Spirits Lurk In Nebraska Cemetery

The story goes that when you walk the Oxbow Cemetery west of Murdock, you will hear many children playing out in the road. When you go out to look, no one is there.

According to Dale Vanderford Jr. of Murdock, the story is one that has been told for years.

"Another gentleman and I watch the abandoned cemetery to be sure no damage is done to it, but all the times we go through it, we have never heard children playing," he said.

Vanderford said that the cemetery is known by many names: Oxbow Cemetery, North Callahan Cemetery, Carter Cemetery, and North Elmwood Cemetery.

"There is a sign there that says Oxbow Cemetery, but it was not on the Oxbow Trail and has nothing to do with it," he said. But, he added, the story of how the cemetery started would explain the tail of hearing children playing.

"There was a school house across the corner from it," he said.

Apparently a big wind came along and the teacher moved her students out of the school to safety.

"There was a student by the name of May Carter who ran back into the school thinking her brother was still in it," Vanderford said.

The schoolhouse blew down and pinned the young girl.

"Her father was farming across the road and saw it happen," Vanderford said. "He was able to cut her free and the story goes that she kept saying 'hurry, daddy, hurry daddy'. He was able to get her free but she died that night."

The story continues that the farmer gave the corner of the land he was farming for a cemetery with his young daughter being the first to be buried there.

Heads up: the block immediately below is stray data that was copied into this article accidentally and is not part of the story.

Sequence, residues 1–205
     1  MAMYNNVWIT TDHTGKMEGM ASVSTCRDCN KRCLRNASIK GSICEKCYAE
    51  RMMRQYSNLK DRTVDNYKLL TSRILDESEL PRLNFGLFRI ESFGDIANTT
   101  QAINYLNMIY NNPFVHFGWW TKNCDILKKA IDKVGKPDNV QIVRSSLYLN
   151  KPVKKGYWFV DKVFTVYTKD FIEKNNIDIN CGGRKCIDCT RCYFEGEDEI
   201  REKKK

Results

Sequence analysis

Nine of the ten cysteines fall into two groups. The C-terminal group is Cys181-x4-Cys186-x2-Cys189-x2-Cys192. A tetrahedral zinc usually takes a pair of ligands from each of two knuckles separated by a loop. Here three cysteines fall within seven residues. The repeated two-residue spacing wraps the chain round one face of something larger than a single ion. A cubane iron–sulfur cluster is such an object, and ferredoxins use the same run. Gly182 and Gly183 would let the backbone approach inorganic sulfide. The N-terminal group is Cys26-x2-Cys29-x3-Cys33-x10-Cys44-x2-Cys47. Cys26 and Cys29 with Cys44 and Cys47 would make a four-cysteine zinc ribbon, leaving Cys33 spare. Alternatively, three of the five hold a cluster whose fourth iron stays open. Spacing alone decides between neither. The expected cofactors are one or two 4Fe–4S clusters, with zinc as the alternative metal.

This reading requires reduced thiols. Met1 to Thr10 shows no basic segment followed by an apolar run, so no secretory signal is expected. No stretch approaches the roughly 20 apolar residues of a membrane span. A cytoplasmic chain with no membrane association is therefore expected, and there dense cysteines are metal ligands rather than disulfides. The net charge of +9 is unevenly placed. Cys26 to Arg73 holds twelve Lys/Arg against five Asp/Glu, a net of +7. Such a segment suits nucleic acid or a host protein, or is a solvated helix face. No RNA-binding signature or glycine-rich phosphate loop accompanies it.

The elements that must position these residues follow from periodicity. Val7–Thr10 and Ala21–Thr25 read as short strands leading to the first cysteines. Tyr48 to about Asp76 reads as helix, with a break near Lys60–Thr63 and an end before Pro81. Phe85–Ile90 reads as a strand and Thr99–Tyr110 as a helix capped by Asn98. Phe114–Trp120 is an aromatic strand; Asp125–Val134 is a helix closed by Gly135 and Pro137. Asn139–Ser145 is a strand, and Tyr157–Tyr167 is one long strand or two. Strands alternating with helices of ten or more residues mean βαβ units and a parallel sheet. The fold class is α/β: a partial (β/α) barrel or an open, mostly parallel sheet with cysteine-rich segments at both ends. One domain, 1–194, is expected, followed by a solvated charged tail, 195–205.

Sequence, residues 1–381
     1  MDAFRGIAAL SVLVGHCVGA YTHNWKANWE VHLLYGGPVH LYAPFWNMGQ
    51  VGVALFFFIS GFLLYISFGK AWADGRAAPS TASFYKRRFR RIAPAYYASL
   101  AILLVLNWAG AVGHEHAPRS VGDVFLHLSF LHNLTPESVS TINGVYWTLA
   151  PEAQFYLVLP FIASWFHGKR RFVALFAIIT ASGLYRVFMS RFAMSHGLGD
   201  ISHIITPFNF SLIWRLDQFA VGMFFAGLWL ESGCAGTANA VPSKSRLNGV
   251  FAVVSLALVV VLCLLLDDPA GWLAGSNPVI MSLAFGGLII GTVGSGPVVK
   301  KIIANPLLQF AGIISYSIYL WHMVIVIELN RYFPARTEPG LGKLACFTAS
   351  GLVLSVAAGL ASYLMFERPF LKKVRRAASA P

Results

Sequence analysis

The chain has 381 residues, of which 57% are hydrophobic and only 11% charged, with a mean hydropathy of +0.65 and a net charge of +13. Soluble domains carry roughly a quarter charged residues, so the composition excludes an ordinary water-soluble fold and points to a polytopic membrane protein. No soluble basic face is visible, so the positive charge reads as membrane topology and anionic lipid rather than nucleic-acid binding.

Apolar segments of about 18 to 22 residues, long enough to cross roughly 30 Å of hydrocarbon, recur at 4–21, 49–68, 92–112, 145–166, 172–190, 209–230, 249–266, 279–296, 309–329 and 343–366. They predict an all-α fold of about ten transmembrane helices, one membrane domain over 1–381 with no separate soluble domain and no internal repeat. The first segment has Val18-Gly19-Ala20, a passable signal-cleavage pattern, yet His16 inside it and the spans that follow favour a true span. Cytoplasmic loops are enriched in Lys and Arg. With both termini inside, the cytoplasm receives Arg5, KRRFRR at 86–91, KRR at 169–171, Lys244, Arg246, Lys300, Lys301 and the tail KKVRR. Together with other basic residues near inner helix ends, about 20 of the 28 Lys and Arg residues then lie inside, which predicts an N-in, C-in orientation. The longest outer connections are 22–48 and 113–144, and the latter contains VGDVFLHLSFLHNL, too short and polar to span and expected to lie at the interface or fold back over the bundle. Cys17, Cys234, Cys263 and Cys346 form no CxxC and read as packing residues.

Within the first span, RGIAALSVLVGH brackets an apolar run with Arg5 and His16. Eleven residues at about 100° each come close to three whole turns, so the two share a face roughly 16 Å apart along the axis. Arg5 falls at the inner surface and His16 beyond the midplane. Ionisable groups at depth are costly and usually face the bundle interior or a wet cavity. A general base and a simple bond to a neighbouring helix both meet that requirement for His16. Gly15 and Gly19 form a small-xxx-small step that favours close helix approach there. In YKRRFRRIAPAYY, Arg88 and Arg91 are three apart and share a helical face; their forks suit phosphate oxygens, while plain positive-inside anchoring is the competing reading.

"Its an abandoned cemetery and grown up around it, but we watch it as we don't want it to be a place for parties," he said. Tombstones have disappeared including the one with May's name on it.

"But that's an interesting story as well," he said.

Families who settled in that part of Cass County were English-speaking families from Maine. "In fact the area was called Maine land," he said.

Germans started to settle in the area and the Maine families decided to move back to Maine.

"They dug up their family members who were buried there and with their tombstones took them with them when they moved," he said.

"I grew up around Murdock and enjoyed getting into the history of it," he said.

He has been known to give tours of the cemetery.

"I had one man tell me that his brother-in-law walked around the cemetery and heard the children playing. He went out to check, saw nothing and now refuses to go back."

As for Vanderford, he has never heard the children playing.

"I go there many times just to check on it, but have never heard them."

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